Dream Scenario

Nicolas Cage has managed an enviable career toggling between drama (Leaving Las Vegas), action (Face/Off) and comedy. In the latter genre he has excelled in films such as Fast Times at Ridgemont High, Valley Girl, Moonstruck and Raising Arizona. Into that latter genre we can now add Dream Scenario.

Cage plays Paul Matthews a schlubby professor (of which there seem to be many on screen this year) who finds that not only his daughter, but his students see him passively involved in their dreams.

When a former girlfriend bumps into Paul and his wife Janet (played well by Julianne Nicholson) the ex-girlfriend explains she has also seen Paul in her dreams even though she hasn’t seen Paul in years. In her dreams Paul is only playing a passive role. She writes an article about the phenomenon, and all of a sudden everyone seems to be seeing Paul in their dreams.

He is somewhat bemused at all the attention as he has no control over this phenomenon, especially over people he has never met.

There is an amusing scene in his classroom when Paul goes around the class and various students offer up his role in their dreams. The dreams are loopy, as dreams tend to be, but in each case, Paul wanders into the dream and stands by idly while rather bizarre events occur.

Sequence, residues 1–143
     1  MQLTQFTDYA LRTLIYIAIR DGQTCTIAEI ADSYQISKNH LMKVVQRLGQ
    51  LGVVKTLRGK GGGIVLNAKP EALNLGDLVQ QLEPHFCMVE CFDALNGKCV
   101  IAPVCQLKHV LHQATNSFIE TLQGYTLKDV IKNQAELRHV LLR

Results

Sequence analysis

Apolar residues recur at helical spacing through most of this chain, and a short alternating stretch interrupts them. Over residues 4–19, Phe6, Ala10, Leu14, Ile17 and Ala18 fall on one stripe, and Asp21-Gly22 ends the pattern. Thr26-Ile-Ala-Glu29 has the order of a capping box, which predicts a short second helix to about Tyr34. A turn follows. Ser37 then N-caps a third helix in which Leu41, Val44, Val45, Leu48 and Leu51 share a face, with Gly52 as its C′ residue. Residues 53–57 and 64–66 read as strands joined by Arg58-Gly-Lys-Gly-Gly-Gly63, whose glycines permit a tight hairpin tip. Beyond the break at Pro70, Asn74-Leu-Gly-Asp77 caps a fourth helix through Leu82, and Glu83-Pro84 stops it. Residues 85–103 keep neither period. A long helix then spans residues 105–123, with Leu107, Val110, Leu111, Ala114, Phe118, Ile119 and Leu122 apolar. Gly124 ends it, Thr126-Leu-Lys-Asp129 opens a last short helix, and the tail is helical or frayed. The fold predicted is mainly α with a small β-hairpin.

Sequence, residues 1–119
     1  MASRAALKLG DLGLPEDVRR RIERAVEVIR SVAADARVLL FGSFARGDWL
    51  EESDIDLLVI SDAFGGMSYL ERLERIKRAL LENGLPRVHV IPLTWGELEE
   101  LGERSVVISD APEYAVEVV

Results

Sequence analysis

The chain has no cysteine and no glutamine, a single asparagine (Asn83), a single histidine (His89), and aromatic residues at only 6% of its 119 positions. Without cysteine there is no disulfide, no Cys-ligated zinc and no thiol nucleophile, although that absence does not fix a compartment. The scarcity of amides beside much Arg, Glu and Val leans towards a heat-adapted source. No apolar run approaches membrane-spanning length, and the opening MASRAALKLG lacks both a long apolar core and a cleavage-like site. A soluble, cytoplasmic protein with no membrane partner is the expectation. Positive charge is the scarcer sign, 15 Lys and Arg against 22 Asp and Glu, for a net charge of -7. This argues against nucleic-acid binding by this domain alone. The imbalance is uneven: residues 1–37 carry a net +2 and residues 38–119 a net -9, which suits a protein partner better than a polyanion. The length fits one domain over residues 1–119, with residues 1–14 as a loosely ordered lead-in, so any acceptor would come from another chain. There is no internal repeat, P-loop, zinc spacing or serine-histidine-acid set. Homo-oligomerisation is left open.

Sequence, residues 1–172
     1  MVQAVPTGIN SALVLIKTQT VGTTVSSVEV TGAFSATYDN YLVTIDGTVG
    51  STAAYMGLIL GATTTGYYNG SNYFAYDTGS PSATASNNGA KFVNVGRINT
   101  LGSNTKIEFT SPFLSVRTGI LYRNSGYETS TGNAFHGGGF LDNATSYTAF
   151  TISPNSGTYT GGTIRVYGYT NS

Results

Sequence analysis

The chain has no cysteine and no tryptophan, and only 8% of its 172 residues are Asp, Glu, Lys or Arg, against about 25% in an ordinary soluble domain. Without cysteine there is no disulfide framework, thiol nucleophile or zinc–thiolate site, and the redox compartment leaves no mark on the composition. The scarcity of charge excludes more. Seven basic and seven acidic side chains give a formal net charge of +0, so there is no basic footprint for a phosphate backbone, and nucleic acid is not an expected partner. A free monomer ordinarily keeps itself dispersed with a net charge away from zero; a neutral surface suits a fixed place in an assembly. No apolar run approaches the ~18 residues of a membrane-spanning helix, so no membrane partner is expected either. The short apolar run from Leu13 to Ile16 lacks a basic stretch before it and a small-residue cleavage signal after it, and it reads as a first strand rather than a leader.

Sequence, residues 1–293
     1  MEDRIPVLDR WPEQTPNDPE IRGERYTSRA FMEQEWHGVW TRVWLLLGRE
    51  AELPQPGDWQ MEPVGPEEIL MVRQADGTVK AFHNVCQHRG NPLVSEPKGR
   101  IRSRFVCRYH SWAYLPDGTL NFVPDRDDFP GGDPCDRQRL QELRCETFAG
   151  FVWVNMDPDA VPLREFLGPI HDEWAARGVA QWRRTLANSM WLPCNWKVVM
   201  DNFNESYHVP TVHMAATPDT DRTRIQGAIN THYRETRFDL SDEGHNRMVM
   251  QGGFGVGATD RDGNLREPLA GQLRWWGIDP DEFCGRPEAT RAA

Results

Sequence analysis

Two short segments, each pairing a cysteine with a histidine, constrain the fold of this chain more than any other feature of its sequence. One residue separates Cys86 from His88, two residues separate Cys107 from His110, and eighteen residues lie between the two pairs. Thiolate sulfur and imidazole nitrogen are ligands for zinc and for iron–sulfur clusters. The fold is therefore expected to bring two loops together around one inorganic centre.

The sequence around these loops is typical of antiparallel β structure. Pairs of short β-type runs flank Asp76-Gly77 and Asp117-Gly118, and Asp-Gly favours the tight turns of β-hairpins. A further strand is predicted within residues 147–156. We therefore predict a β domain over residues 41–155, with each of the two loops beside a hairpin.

Without spoiling too much of the action, suffice to say that the plot turns when his appearances in dreams become more violent. His students refuse to attend class and the school places Paul on leave.

I completely enjoyed this part of the film, as it suddenly makes a dig at all the academic efforts of protecting snowflake students with safe spaces, etc. Don’t worry, I can take any expected comments, I teach at several colleges.

In a bit of coincidental and certainly unanticipated cross-promotion, we are treated to an appearance of David Bryne’s Big Suit from the reissued Stop Making Sense concert film. What’s not to like?

The clever screenplay was written and ably directed by relative newcomer Kristoffer Borgli.

Brad Auerbach has been a journalist and editor covering the media, entertainment, travel and technology scene for many years. He has written for Forbes, Time Out London, SPIN, Village Voice, LA Weekly and early in his career won a New York State College Journalism Award.